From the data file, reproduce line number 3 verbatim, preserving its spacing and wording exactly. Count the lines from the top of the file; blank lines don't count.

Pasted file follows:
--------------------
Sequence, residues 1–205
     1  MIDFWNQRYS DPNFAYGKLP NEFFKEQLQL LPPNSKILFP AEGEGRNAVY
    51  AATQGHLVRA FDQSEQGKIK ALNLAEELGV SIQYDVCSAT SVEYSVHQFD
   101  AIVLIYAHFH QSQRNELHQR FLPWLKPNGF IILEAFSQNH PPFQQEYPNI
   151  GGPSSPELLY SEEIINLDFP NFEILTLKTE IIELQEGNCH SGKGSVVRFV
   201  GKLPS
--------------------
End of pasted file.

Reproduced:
    51  AATQGHLVRA FDQSEQGKIK ALNLAEELGV SIQYDVCSAT SVEYSVHQFD